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Virus warner to stop winter vomiting disease

Published Jan 20, 2011

The period between November and April - that is, right now - is the high season for the virus-based winter vomiting disease. What if there was a technology that could warn of disease in the air so that people could avoid such places. Well, there is. KTH researchers have invented a virus warner.

Niklas Sandström
Niklas Sandström, researcher at the Department of Microsystems Technology at KTH

Together with other researchers at the Department of Microsystems Technology at KTH, Niklas Sandström is developing tracking technology that will provide quick answers to who is carrying an infectious virus which will help hospitals, retirement homes and daycare centres to stop the spread. The hope is also that we will not have to worry as much when we are in public spaces.

"The test could for example be carried out in a hospital. Staff can then quickly take steps to limit the spread and prevent a major outbreak. Otherwise you are forced to close several wards and this would be costly because the hospital cannot function normally," Niklas Sandström explains.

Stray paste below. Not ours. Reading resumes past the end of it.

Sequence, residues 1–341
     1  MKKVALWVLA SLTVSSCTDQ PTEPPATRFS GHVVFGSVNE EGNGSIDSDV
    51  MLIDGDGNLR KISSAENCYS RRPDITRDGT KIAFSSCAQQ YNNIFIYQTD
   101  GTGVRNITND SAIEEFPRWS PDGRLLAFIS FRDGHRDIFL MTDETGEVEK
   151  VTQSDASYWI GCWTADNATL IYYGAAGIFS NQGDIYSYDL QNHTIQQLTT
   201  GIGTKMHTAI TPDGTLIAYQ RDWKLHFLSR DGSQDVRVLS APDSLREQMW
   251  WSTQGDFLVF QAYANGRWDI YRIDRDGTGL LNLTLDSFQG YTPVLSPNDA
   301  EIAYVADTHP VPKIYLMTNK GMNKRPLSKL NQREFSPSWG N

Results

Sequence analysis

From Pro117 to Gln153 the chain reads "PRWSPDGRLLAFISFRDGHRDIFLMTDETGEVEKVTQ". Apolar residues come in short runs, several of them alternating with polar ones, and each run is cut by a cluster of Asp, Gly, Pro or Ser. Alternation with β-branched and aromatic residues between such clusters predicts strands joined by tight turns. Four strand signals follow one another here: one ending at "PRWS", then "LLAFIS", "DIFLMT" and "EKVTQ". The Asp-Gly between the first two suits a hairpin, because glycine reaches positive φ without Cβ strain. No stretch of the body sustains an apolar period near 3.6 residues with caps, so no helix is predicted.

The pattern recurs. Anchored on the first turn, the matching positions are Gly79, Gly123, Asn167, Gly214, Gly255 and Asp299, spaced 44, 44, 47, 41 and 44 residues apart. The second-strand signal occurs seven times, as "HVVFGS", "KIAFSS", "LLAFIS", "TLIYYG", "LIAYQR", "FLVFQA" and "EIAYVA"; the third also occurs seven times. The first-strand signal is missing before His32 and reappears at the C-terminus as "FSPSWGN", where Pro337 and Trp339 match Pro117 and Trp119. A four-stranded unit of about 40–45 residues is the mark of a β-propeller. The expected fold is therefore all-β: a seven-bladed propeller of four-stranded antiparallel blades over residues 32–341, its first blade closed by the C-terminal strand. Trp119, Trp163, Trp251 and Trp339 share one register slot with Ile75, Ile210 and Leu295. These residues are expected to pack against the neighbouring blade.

The instrument uploads the viral particles that are present in the air and attracts them to a sensor that can measure particle levels down to a few nanograms. There are antibodies on the sensor that have the ability to capture and hold down the virus, while other particles are removed. In just a minutes you can therefore decide whether or not it is the extremely contagious winter vomiting disease.

In the current situation, scientists can collect viral particles from the air in a room but soon they hope to also be able to detect the virus directly to a person. The instrument's sensor weighs the virus particles contained in your breath.

"The flu is a different air-borne viral infection that we are considering testing with the same method in the future. The ability to quickly diagnose such a contagious disease, which for some groups of people may be life threatening, would be of great benefit to society," says Niklas Sandström.

But it's not just at places of work, retirement homes, schools or kindergartens that can make use of the technology.

"In the future, we may not need to worry so much when we find ourselves in public places if they are screened for infectious diseases. We may be able to very easily find out ourselves if we've got a viral infection and therefore stay at home or be signed off work sick by a doctor to reduce the spread of infection," says Niklas Sandström.

The tracking technology is a collaboration between KTH, Karolinska Institute and Linköping University.

For more information, contact Niklas Sandström at 08-790 92 31 or

Peter Larsson